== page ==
This of course contradicts the classical idea, enshrined in the term ˜eddy

viscosity™, that chaotic ¬‚uctuations by themselves should drive, or rather

relax, the system toward solid rotation. The attractiveness of that classical

idea illustrates the perils of con¬‚ating ˜chaos™ with ˜turbulence™. The idea

would be correct if another classical idea were correct, namely that turbu-

lence theory should be like gas-kinetic theory, with the turbulent ¬‚uctuations

acting like molecular-scale ¬‚uctuations about a nearly homogeneous mean

state. Thus the gas-kinetic mean free path is replaced by some ˜mixing

length™, ˜Austausch length™, or other lengthscale representative of the irre-

versible ¬‚uctuating displacements of ¬‚uid elements. That lengthscale may

or may not be hidden from view within the complexities of a turbulence

theory based on ˜closure™. If momentum is transported by the ¬‚uctuating

displacements, and if typical displacements are much smaller than the scales

of variation of the mean state “ as implied by the stipulation ˜nearly homo-

geneous™ “ then the e¬ect of the ¬‚uctuations on the mean state is like that of

a viscosity, relaxing the system toward solid rotation, essentially because of

the scale separation just mentioned and the implied ¬‚ux“gradient relations.

The recognition that ¬‚uctuations in the Earth™s atmosphere often do the

opposite, i.e. drive the system away from solid rotation (though not, of

course, arbitrarily far away), was a major paradigm shift within the terres-

trial atmospheric sciences over the past century. That paradigm shift had its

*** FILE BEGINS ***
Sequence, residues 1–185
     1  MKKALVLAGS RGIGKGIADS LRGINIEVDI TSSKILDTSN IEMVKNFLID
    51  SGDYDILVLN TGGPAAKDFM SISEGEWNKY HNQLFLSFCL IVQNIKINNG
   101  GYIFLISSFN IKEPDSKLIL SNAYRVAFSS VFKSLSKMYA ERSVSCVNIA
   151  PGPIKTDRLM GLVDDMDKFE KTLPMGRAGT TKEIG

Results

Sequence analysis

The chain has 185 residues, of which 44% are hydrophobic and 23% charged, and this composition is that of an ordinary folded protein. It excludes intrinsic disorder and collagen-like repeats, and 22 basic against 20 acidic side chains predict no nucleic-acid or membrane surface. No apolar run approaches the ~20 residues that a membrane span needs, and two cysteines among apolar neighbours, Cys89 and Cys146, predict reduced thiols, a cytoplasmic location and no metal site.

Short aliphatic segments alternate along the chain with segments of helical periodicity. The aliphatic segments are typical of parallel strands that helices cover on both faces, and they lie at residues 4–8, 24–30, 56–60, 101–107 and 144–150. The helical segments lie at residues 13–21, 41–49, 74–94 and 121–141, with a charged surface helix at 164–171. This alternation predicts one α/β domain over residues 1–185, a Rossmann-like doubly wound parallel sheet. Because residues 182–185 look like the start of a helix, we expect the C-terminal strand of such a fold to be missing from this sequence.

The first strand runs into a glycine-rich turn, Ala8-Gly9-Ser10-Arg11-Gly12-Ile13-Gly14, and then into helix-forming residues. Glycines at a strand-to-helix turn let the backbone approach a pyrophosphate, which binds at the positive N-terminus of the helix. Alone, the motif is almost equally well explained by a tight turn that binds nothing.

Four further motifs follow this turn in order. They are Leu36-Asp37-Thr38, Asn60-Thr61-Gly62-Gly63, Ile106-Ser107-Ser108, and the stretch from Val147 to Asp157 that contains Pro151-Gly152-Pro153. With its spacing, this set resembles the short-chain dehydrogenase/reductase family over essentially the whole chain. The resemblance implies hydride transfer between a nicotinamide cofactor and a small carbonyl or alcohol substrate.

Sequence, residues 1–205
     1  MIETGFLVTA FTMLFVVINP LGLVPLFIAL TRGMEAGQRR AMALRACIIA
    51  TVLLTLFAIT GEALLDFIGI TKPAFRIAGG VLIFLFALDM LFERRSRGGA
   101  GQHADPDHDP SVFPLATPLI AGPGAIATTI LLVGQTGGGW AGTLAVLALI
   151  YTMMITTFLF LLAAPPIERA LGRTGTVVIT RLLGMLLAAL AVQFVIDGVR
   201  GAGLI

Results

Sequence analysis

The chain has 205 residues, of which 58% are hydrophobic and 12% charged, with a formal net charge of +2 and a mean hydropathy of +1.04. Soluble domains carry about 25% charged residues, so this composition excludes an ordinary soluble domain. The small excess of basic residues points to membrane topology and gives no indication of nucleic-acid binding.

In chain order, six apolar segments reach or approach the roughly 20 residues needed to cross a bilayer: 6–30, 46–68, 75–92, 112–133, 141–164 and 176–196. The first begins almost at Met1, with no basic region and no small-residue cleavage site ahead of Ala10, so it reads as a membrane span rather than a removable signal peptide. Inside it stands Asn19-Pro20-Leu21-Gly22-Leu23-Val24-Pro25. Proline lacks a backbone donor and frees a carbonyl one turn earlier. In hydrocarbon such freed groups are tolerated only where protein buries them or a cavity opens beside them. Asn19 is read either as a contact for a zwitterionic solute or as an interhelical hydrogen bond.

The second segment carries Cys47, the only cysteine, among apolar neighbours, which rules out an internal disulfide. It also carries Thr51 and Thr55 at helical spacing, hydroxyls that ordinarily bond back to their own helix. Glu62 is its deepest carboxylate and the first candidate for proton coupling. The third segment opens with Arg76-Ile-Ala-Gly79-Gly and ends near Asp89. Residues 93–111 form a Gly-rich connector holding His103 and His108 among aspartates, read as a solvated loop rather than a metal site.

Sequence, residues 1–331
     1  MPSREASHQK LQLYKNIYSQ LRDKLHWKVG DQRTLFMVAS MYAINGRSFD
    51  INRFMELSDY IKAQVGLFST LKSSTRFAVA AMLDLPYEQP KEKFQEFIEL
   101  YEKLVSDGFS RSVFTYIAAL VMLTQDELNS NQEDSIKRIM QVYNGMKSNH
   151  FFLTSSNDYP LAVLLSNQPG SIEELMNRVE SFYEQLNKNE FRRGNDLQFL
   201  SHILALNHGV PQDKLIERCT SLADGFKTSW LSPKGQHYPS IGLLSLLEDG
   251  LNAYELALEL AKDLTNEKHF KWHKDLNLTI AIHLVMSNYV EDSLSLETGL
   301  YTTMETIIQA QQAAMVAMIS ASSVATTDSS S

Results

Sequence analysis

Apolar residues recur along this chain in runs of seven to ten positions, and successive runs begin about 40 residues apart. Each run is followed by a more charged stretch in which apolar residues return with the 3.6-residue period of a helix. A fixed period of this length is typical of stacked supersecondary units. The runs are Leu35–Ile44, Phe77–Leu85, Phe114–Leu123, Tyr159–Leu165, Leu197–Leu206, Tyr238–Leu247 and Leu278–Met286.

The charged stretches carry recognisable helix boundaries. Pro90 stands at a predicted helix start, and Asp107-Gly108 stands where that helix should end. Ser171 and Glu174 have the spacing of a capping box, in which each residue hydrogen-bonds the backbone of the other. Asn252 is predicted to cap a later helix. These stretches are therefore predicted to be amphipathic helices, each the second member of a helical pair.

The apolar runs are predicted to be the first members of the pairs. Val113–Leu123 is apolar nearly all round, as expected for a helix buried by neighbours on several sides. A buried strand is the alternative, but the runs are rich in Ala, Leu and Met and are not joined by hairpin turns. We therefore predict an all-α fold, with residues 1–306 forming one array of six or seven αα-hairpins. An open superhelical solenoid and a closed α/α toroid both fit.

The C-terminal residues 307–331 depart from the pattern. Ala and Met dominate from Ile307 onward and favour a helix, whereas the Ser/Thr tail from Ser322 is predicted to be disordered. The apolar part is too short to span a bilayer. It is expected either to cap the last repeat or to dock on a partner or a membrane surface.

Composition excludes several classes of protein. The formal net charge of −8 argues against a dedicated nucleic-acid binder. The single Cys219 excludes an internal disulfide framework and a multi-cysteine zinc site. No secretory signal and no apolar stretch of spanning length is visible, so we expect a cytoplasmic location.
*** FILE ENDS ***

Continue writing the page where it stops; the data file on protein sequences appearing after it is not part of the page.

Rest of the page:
beginnings in the work of Harold Je¬reys in the second and third decades of

the century (e.g. Je¬reys 1933†). It gathered pace in the late 1960s, stimu-

lated by an increasing wealth of observational evidence. It was fundamental

† This conference paper, originally from Proc`s-Verbaux de l™Assoc. de M´t´orol., UGGI, Lisbon,

e ee

Part II (M´moires), lucidly and cogently summarizes Je¬reys™ classic argument, developed

e

over the preceding decade or more, that observed surface winds imply the existence of what

Victor Starr later called the ˜negative viscosity™ due to the large-scale eddies, the cyclones and

anticyclones, appearing on weather maps. The reported conference discussion (Je¬reys, op.

cit., pp. 210“11) illustrates that in 1933 no-one, not even Je¬reys, had the faintest idea of

what kind of ¬‚uid dynamics might be involved. The ˜negative viscosity™ phenomenon was still

¬‚agged as a major enigma in the closing pages of the landmark review by E. N. Lorenz (1967).

Solar tachocline dynamics: eddy viscosity or anti-friction? 113

to solving some of the greatest enigmas with which the atmospheric sciences

were confronted in the 1960s.

¯

One of those enigmas was the behaviour of „¦(r, θ, t) in the tropical strato-

¯

sphere between 15“30 km, in which the sign of ‚ „¦/‚r reverses quasi-periodic-

ally with a mean period around 27 months. This surprising phenomenon was